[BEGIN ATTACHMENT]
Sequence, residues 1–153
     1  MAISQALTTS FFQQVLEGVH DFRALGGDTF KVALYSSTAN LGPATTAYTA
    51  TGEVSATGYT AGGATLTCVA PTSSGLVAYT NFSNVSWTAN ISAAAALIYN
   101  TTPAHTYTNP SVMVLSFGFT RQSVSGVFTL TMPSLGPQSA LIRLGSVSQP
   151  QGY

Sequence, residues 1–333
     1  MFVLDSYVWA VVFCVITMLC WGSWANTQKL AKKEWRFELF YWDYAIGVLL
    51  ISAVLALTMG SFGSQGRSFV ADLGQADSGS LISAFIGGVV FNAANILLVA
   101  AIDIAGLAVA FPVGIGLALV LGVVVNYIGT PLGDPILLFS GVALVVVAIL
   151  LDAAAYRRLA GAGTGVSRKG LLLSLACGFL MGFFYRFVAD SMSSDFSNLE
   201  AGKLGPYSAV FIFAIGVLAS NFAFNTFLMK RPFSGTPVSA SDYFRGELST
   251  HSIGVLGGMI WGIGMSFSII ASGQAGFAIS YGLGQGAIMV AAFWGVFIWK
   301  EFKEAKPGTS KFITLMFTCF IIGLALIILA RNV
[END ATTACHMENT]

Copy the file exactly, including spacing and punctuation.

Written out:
Sequence, residues 1–153
     1  MAISQALTTS FFQQVLEGVH DFRALGGDTF KVALYSSTAN LGPATTAYTA
    51  TGEVSATGYT AGGATLTCVA PTSSGLVAYT NFSNVSWTAN ISAAAALIYN
   101  TTPAHTYTNP SVMVLSFGFT RQSVSGVFTL TMPSLGPQSA LIRLGSVSQP
   151  QGY

Sequence, residues 1–333
     1  MFVLDSYVWA VVFCVITMLC WGSWANTQKL AKKEWRFELF YWDYAIGVLL
    51  ISAVLALTMG SFGSQGRSFV ADLGQADSGS LISAFIGGVV FNAANILLVA
   101  AIDIAGLAVA FPVGIGLALV LGVVVNYIGT PLGDPILLFS GVALVVVAIL
   151  LDAAAYRRLA GAGTGVSRKG LLLSLACGFL MGFFYRFVAD SMSSDFSNLE
   201  AGKLGPYSAV FIFAIGVLAS NFAFNTFLMK RPFSGTPVSA SDYFRGELST
   251  HSIGVLGGMI WGIGMSFSII ASGQAGFAIS YGLGQGAIMV AAFWGVFIWK
   301  EFKEAKPGTS KFITLMFTCF IIGLALIILA RNV